The Investment Scientist

Save Taxes with Charitable Remainder Trust: A Real Life Example

Posted on: July 31, 2018

adhesionactif.jpgAfter my last article, “How to Deal with ConcentratedHighly Appreciated Position,”a reader asked me exactly how much he can save in taxes.

I’ll use  him as an example. He owns an investment property that he bought many years ago for $200k that is now worth $800k.

If he sells his investment property outright, he will need to pay a capital gain tax of the amount (800-200)*20% = $120k.

He can set up a CRT (charitable remainder trust), put the property in it , so when he sells it, the capital gain tax is exempt. That’s a savings of $120k right there.

But does he need to give all of that to charities? The answer is no. In fact he can take out money from the trust for his personal use.

Depending on how he takes out money, a CRT can be either a CRAT (charitable remainder annuity trust) or a CRUT (charitable remainder unit trust.)

The bottom line is he can take out between 5% to 50% of the initial contribution value every year in a CRAT or he can take out between 5% to 50% of the remainder value in a CRUT every year.

At this point, my reader might have a brilliant idea: what if I put the property in the CRT, sell it and then take the money out in two years (50% each year) and just leave $1 for charities?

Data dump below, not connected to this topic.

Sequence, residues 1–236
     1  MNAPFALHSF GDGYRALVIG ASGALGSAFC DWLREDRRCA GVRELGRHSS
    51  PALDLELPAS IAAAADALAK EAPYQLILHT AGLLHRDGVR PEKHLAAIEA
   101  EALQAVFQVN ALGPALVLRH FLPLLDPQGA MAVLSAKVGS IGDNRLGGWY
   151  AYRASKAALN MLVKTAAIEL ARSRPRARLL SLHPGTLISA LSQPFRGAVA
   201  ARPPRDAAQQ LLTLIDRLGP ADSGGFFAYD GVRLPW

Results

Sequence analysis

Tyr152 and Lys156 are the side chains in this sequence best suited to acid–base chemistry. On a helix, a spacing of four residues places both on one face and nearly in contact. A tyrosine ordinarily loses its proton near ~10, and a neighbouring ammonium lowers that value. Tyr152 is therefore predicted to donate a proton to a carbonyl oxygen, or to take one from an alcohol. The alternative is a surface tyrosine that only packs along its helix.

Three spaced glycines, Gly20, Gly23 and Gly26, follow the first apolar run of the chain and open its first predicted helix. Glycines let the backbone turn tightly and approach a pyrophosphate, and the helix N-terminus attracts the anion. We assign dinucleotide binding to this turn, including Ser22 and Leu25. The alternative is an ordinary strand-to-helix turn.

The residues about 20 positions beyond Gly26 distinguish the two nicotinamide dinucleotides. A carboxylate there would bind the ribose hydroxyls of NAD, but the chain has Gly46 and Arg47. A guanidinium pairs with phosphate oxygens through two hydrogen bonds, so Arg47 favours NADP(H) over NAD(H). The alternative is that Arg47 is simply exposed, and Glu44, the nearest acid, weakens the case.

The IRS is not stupid. They put in other requirements to make sure that doesn’t happen:

  • Actuarially, 10% of the contribution value should go to charities.
  • Actuarially, the odds of the trust value going to zero must be less than 5%.

In other words, of the $800k, at the minimum $80k must go to charities. The rest you can take out for your personal use. The $80k that goes to charities is tax deductible right away. For a person in the top combined marginal tax rate of 50%, the income tax savings is another $40k.

In summary, he gives $80k to charities he cares about, but saves $160k in taxes. Money wise, he is $80k ahead.

(Feel free to share if you find it insightful.)

Schedule a Discovery review with me, or get my white paper for free: The Informed Investor: 5 Key Concepts for Financial Success.

 

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Author

Michael Zhuang is principal of MZ Capital, a fee-only independent advisory firm based in Washington, DC.

Twitter: @mzhuang

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